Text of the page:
Opera can play many roles. It can move us through passionate, star-crossed characters who reflect our fears and trials. It can overwhelm us with magnificent set designs and music of incredible power. It can simply entertain.
But, opera does not typically inspire.
The Met is out to change that with its current production of Philip Glass' Satyagraha, the second of his three profile operas (Einstein on the Beach, Akhnaten) written in the 70's and early 80's. Satyagraha concerns itself with Mohandas Gandhi's early career in South Africa (1893-1914), where he developed his system of active, non-violent resistance that would eventually win independence for India and inspire Martin Luther King, Jr. to found this country's civil rights movement ("Satyagraha" is Sanskrit for "Truth force.") As if to drive the point home, ads have popped up all over the city asking: "Could an Opera Make Us Stand Up For the Truth?" and "Could an Opera Make Us Warriors For Peace?"
My friend Jocelyn and I were fortunate enough to attend Monday's sold-out performance, thanks to the generosity of the Met's press office. For me, this was a pretty big deal: an acknowledgment by one of the world's great opera companies that this website - and others like it - are deserving of the same consideration as the mainstream press. It also reflects general manager Peter Gelb's enthusiastic embrace of digital media, be it the Met's own blog, or the free online streaming of at least one opera each week. To say I was grateful would be an understatement.
Others have already remarked (some disparagingly) on Glass' hypnotic, trance-inducing music, which conductor Dante Anzolini takes at a significantly slower pace than the original production, now nearly 30 years old. But, if you allow Satyagraha to work on you the way Glass intends, you'll find the repeating scales and oscillating themes enter into your head sideways, refusing to leave hours, even days later. Listen to "Protest" from Act II:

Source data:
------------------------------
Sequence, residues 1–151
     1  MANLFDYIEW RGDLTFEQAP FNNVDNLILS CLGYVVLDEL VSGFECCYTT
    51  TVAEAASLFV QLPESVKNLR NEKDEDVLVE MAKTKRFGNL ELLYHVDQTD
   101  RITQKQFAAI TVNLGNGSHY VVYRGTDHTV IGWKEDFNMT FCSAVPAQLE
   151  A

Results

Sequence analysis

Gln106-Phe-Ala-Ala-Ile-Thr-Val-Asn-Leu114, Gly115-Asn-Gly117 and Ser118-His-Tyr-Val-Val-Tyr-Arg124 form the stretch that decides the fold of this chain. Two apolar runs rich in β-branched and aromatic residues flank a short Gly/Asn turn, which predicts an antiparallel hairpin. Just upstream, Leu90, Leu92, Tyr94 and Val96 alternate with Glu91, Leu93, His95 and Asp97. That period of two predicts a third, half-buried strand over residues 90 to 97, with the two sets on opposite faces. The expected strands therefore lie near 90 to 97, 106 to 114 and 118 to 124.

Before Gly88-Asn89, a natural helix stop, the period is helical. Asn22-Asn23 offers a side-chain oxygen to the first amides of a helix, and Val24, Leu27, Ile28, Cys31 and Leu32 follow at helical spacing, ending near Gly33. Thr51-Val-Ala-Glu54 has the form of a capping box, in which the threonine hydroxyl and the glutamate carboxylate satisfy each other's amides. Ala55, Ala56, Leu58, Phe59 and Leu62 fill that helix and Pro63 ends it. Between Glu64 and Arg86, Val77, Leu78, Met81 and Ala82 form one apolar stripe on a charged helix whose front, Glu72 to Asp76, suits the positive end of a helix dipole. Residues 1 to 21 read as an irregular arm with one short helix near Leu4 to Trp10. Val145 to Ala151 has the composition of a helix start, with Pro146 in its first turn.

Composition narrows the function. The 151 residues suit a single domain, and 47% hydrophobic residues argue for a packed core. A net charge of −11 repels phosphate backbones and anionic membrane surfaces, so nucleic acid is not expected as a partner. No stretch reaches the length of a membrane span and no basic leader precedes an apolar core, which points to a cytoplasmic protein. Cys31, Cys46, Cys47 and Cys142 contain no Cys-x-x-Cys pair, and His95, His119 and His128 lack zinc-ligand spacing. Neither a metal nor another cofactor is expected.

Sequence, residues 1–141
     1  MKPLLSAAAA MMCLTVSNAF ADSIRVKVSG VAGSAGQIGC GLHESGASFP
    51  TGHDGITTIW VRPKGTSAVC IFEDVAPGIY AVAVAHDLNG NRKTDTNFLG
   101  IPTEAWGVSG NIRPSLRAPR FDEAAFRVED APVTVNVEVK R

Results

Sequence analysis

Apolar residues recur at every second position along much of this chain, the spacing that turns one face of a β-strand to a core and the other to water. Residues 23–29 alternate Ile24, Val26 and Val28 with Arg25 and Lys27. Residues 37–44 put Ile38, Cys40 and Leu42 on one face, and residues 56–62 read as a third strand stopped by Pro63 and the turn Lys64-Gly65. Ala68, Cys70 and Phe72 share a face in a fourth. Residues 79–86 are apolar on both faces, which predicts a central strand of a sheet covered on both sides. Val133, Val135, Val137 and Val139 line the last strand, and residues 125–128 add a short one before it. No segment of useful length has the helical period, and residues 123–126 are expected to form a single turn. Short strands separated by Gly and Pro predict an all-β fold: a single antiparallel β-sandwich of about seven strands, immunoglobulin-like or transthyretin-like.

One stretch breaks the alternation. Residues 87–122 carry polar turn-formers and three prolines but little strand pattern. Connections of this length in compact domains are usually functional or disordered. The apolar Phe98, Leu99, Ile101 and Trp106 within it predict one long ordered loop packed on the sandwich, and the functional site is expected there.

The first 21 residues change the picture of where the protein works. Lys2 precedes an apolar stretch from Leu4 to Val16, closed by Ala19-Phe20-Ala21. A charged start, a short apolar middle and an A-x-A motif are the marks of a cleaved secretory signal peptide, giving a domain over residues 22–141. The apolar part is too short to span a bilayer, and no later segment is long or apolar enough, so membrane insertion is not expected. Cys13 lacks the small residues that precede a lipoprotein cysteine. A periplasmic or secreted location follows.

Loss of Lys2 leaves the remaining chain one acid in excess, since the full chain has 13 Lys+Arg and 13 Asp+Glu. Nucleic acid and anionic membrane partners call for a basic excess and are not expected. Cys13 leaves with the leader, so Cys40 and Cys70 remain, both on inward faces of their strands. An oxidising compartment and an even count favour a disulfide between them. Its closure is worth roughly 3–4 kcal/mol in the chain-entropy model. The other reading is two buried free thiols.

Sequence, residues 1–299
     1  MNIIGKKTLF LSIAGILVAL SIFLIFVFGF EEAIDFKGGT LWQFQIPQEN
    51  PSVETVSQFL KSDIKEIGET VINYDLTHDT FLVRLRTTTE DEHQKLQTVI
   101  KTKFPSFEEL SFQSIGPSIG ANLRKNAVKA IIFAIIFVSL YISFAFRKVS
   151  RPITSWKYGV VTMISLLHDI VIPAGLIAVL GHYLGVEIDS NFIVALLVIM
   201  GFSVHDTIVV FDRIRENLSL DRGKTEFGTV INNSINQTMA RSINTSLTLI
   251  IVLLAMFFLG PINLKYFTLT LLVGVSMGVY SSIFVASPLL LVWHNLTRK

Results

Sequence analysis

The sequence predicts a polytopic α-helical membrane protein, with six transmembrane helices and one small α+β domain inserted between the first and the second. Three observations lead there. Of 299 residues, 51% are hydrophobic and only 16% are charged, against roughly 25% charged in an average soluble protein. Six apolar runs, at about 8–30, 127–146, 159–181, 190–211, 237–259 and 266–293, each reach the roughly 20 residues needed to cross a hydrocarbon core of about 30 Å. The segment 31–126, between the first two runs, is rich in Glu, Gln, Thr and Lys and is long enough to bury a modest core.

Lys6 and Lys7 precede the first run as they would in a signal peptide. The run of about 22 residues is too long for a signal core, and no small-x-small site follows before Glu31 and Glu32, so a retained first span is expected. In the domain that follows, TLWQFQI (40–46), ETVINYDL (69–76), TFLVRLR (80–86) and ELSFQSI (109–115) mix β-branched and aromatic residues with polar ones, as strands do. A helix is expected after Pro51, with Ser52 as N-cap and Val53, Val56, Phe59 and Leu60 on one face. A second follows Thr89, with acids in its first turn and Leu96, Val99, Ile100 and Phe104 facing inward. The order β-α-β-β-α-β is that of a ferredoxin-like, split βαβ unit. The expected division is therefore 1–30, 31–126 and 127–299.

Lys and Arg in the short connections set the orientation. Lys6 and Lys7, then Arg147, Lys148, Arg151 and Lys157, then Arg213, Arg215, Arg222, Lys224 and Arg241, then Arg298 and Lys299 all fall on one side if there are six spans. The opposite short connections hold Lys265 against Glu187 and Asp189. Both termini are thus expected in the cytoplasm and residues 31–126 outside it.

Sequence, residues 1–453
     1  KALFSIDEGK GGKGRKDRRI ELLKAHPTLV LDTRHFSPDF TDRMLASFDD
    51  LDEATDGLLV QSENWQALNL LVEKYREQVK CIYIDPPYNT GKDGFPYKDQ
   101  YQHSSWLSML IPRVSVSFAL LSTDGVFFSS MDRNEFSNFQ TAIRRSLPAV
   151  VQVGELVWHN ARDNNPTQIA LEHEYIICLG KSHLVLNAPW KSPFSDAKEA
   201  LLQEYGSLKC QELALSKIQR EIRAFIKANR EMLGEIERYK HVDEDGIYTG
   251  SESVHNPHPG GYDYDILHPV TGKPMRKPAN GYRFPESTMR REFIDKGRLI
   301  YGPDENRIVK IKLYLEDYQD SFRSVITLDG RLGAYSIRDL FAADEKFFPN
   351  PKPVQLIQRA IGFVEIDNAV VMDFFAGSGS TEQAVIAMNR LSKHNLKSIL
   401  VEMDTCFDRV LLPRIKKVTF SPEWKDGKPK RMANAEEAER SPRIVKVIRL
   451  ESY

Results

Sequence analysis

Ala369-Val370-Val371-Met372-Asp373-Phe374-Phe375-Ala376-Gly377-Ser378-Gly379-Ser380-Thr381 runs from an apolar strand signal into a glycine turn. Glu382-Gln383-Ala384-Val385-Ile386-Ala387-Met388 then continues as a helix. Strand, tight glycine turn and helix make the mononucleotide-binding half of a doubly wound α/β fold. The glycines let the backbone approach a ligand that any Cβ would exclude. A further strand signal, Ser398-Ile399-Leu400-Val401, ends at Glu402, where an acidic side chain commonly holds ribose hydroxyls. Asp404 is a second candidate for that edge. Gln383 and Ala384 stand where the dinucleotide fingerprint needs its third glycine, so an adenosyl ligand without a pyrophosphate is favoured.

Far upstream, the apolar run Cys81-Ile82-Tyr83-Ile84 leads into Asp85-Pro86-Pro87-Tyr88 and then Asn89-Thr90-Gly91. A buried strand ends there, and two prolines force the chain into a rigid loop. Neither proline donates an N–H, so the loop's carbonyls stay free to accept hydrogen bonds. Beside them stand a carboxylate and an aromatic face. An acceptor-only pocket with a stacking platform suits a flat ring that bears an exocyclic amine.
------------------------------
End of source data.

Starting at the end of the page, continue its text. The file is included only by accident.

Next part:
The direction, by Brits Phelim McDermott and Julian Crouch, supplied an appropriately dreamlike atmosphere, filled with aerialists, stiltwalkers and 20-foot tall puppets made out of newsprint. They also chose not to use the MetTitles translation system, instead projecting selections from the libretto - a non-linear narrative adapted by Constance DeJong from the Bhagavad-Gita - on the set's corrugated iron walls. Each phrase was as sharp and clean as a dagger.
"When the motives and the fruits of a man's actions are freed from desire, his works are burned clean by wisdom's fire, the white fire of truth."
"If a work is done because it should be done and without thought for great benefits, then that is surrender in Goodness."
"By my creative nature, I consort with nature and come to be in time."
After nearly four hours of onstage stasis, the opera concluded with the transcendent "Evening Song": an ascending scale of eight tones repeated over and over by Gandhi (Richard Croft), standing alone at the front of the stage. He sang the words of the Hindu god Krishna, effectively making them his own: